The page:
Use Advocacy to Promote Social Change

By Steven E. Mayer, Ph.D

Advocacy includes promoting changes to public or private policies to reduce the flow of victims from unfortunate circumstances (or from bad policy!) and to prevent further problems.  

What is “advocacy”?  The word is from Latin, meaning “to give voice” to a cause – to push it toward success.  It is a strategy to encourage improved social policy.  

What is this strategy?   Wikipedia recognizes advocacy as “an activity by an individual or group that aims to influence decisions within political, economic, and social institutions. Advocacy includes activities and publications to influence public policy, laws, and budgets by using facts, their relationships, the media, and messaging to educate government officials and the public.”

Advocacy includes promoting changes to public or private policies to reduce the flow of victims from unfortunate circumstances (or from bad policy!) and to prevent further problems.   Adopting policies that reduce the flow of victims can be much more cost-effective than the usual approaches taken by charities which try to serve already-needy individuals one at a time.  Improvements to policy can improve the quality of life for whole communities or regions at a time.  

It’s like public health vs. doctoring.  A physician’s practice of medicine can treat an illness one person at a time — one health professional working with one patient — such as in a clinic.  The practice of public health seeks instead to eliminate or control the illness at its source, one contributing cause at a time, such as by eliminating unsanitary disease-bearing water, or controlling disease-bearing insects, or educating people on healthier practices.

Thinking like a public health professional is becoming useful in many other arenas of improving the public’s health…

  • If too many people are hungry or malnourished, let’s use the policy process to fix the food distribution systems.
  • If too many people are unable to find or get to meaningful work, let’s use the policy process to fix the employment and transportation systems.
  • If too many people are getting killed by gun-toting citizens not part of well-regulated militias, let’s use the policy process to reduce the chances of innocent people getting shot. 

Public policy plays the role of public health in this analogy.  Rather than let random or powerful systemic forces play havoc with the well-being of individuals, let’s use the wisdom of good policy, good practice, and good cultural norms to stabilize, elevate, and equalize the playing field to produce far fewer victims.

How does it work?

PolicyLink presented its Getting Equity Advocacy Results (GEAR) in 2012.  It names four interconnected components of advocacy: (1) organizing; (2) capacity building; (3) research; (4) communications – and four interconnected stages of advocacy: (1) build the base; (2) name and frame the equity solutions; (3) move the equity proposal, and (4) build, advance, and defend.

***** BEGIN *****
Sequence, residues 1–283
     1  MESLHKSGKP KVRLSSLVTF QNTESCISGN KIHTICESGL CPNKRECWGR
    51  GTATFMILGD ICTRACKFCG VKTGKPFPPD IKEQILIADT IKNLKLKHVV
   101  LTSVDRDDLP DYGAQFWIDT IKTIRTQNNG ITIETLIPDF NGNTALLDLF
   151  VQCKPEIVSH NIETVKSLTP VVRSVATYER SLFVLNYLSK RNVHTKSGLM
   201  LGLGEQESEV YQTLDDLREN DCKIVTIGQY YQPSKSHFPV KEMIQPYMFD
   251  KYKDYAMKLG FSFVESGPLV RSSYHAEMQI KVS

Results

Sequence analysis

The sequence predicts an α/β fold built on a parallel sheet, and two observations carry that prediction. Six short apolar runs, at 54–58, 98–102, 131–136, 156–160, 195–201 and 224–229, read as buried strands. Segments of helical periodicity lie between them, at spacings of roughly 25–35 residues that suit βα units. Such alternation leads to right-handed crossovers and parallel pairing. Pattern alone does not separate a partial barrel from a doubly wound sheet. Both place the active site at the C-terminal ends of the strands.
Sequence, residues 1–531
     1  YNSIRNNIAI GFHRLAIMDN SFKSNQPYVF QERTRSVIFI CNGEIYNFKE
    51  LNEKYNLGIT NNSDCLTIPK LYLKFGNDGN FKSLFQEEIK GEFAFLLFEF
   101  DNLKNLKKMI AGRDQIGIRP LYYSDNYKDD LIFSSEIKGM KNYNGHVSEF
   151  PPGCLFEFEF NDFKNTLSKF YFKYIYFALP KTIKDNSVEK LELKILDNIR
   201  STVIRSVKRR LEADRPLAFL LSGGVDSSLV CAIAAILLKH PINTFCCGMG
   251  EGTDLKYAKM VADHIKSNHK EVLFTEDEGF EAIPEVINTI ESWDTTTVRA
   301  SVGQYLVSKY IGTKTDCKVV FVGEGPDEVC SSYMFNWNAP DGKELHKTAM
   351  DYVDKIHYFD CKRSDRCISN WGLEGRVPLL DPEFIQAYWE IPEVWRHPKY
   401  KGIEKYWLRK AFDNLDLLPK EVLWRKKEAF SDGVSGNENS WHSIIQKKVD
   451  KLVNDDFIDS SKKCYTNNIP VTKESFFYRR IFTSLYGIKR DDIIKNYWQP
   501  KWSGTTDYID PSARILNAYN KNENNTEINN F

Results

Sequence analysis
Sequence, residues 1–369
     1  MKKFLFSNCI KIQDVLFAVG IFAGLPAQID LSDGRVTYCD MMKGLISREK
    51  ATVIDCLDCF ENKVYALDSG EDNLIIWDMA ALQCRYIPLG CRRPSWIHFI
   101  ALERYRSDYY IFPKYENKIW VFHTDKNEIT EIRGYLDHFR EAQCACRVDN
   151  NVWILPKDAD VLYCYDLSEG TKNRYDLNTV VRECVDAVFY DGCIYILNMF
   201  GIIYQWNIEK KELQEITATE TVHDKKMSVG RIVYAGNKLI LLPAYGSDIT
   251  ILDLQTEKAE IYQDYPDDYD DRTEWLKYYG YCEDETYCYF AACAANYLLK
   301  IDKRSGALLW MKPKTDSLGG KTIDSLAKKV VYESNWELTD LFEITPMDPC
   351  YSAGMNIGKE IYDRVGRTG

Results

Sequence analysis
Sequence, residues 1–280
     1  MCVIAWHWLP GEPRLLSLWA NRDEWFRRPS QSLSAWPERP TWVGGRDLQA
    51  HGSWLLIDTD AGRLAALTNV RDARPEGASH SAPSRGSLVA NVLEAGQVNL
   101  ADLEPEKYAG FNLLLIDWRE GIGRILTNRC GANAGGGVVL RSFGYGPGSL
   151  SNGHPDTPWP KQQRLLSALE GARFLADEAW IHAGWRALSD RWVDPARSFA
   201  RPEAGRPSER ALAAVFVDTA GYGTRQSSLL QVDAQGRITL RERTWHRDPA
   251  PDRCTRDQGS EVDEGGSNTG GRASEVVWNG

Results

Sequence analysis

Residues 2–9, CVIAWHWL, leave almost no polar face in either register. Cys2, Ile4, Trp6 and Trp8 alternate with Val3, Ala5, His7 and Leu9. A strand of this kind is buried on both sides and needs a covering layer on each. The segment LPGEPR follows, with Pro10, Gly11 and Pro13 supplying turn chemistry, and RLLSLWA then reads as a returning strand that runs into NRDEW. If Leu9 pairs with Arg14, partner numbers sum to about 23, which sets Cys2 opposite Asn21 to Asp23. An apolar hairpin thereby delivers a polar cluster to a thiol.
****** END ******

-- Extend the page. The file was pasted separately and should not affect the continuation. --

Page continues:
Aspen Institute presented its Advocacy Progress Planner in 2012.  Its on-line tool helps organizations track progress with: (1) goals: what change needs to happen? (2) audience: who can make it happen? (3) context: what else is going on? (4) activities: how will you get it done? (5) inputs: what do you have? what do you need? (6) benchmarks: how will you know you’re on the right track?

My own Effective Communities Project first presented its Pathways to Progress  online in 2007 to advocate and accelerate progress by philanthropic organizations in reducing racial disparities.  Key ingredients include grantmaking and institutional leadership to support: (1) emerging promising workable solutions; (2) organizations capable of moving them along; (3) relationships among key people built on trust; (4) networks and partnerships to generate public support; (5) financial, human, informational, technical, and political resources; (6) strategies for pulling these together that produce noticeable progress along the way.

Advocacy, as revealed in these three illustrations, requires intentionally connecting different efforts in ways that give all of them greater oomph or impact.  For grantmaking institutions, supporting advocacy requires a different perspective than is the case with supporting simple service delivery, just as supporting public health requires different mechanisms than with supporting medicine.

Of course, giving voice to a cause must be met with ears that listen.  More on that in another post.

Progress in the advocacy and policy realm is sequenced in complex and often unpredictable ways.  The funding model must adapt to this reality, by supporting projects with multi-year timelines, and learning to look for short-term progress that builds to long-term progress.


This blogpost was published in an earlier form to this website on January 12, 2013.  

How to cite this blogpost: Mayer, Steven E., Use Advocacy to Promote Social Change. Minneapolis: Effective Communities Project. Downloaded from EffectiveCommunities.com [month, date, year]